With every day that passes since the referendum – and whatever your view on the result – there’s increasingly little doubt that David Cameron left one seriously toxic legacy by offering the question up to the great British public of whether they wanted to stay in the EU or not. The choice to leave may prove, in time, to be an inspired one or a disastrous one, but what it has undoubtedly done is open up one giant fault line in the UK’s population.
And people are getting seriously vindictive.
New YouGov research reveals a host of interesting ‘extreme’ Brexit views – from both hardcore Leavers and ardent Remainers with perhaps the most headline-grabbing message the finding that one in five Remainers declare that they would ‘consider significant damage to the British economy after leaving the EU to be a price worth paying to teach Leave politicians and Leave voters a lesson’.
Sticking with ‘extreme’ Remainers, YouGov found that a third of Remain voters would be willing to ‘accept significant damage to the British economy’ in order to stay in the EU, suggesting that they are ideologically wedded to the idea of the union, rather than for economic reasons.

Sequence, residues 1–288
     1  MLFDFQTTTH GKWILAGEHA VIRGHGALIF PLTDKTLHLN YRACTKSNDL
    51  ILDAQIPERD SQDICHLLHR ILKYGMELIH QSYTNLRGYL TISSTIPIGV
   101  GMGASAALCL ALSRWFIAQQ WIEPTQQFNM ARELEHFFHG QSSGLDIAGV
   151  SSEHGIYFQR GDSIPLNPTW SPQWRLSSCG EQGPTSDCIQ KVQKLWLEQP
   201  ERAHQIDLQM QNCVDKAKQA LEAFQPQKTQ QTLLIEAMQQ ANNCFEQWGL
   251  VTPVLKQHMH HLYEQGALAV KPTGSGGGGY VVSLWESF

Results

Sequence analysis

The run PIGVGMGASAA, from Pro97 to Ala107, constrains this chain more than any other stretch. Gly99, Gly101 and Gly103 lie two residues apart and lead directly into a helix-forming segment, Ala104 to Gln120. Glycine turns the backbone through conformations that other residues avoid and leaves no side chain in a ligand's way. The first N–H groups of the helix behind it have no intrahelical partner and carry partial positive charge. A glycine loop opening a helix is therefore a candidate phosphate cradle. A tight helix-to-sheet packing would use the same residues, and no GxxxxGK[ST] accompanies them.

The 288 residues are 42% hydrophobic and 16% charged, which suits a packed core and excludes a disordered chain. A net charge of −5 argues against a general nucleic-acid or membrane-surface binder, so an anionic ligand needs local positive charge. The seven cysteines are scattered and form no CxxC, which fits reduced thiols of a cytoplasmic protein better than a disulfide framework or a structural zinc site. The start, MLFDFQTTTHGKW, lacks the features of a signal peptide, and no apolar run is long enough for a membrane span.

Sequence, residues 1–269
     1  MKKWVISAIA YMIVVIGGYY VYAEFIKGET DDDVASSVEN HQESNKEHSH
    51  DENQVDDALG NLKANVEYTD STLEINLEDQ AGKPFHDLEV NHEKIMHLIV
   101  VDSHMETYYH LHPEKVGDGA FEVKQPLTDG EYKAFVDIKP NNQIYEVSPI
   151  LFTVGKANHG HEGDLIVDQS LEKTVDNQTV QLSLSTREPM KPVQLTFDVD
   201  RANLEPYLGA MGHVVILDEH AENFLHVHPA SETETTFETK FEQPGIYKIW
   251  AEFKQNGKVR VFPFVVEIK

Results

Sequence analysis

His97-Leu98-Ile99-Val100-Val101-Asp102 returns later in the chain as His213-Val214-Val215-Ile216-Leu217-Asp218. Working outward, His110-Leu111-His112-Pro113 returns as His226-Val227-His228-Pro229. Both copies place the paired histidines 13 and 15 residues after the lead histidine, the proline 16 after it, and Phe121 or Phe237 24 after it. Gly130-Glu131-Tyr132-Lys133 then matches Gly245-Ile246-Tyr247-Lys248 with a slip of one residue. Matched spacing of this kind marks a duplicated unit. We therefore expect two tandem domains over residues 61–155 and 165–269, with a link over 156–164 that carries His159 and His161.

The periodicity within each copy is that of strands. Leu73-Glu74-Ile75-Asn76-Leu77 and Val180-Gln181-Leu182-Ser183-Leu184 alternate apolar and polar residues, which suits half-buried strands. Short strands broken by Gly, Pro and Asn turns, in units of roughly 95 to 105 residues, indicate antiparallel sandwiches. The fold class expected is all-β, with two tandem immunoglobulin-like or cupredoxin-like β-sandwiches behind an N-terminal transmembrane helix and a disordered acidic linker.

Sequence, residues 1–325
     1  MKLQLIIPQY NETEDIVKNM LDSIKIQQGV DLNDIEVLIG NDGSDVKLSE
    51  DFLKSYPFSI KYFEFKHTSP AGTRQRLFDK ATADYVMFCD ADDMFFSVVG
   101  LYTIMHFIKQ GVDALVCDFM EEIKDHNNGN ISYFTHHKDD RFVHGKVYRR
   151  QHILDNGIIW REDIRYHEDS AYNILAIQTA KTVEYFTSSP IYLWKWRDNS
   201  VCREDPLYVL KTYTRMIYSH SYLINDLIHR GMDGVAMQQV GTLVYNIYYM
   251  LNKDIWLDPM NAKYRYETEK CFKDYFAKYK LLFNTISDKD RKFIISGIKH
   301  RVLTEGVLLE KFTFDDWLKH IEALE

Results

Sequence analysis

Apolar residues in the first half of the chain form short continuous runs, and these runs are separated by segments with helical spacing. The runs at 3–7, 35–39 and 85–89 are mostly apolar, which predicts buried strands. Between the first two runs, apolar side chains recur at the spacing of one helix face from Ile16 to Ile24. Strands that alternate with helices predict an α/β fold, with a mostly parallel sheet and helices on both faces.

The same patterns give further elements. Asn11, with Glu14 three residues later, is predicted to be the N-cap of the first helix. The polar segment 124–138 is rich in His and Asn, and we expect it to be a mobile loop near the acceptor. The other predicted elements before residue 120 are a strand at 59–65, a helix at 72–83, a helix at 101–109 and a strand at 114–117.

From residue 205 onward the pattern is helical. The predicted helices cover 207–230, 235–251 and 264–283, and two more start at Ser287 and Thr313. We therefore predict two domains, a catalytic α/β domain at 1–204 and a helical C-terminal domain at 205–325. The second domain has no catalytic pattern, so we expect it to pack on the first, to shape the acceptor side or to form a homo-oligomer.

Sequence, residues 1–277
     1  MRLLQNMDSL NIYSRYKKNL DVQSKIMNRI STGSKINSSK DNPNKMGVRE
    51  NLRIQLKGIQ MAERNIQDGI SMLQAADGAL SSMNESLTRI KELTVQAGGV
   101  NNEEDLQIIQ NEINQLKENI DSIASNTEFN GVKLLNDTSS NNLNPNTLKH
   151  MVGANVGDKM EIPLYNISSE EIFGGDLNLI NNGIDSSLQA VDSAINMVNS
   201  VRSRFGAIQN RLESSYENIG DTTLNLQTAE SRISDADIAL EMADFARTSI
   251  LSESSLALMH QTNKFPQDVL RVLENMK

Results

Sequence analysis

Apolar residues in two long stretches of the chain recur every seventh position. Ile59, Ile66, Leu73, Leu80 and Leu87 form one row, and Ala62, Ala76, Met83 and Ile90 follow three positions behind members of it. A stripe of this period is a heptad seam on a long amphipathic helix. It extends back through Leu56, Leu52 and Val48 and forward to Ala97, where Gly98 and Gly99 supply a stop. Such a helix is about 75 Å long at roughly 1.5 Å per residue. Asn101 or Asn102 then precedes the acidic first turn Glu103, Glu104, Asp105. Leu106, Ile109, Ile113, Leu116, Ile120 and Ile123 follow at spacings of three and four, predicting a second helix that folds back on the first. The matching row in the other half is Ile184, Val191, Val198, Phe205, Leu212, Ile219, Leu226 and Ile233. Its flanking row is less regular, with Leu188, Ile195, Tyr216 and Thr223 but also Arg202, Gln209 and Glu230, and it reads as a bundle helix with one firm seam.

Additionally, one in five of them would be prepared to accept the loss of their job, or a family member’s job, if it meant remaining in the EU.
However, the numbers for the hardcore Brexit faithful put these in the shade, with a mighty 61% of them prepared to accept ‘significant damage’ to the British economy in order to leave the EU, while 39% of them would be prepared to accept the loss of their’s or a family member’s job if it meant Brexit going through.
Furthermore, the acceptance of financial and personal hardship to leave the EU increases with age – unsurprisingly topped by 71% of 65+ Leave voters prepared to accept damage to the economy and 50% of them prepared to accept a job loss – presumably as they’re retired and have loads of money to cushion the blow. Amongst 18-24-year-old Leave voters, the percentages were just 46% and 25% respectively.
What lessons can we learn from this?
Firstly, it is clear that Remainers focusing on the potential economic impacts of Brexit are thoroughly missing the point – a majority of Leave voters are willing to take a financial hit to leave the EU; they don’t care about any dire economic warnings.
Leavers also seem more ‘committed’ to their position and willing to sacrifice more for it – more of them will take a financial hit and risk their job in order to achieve their end goal than Remainers.
So Remainers hoping that a raft of bad economic shocks will cause Leavers to change their mind and turn their backs on the whole thing? You might be disappointed – they’re in this for the dogmatic long haul.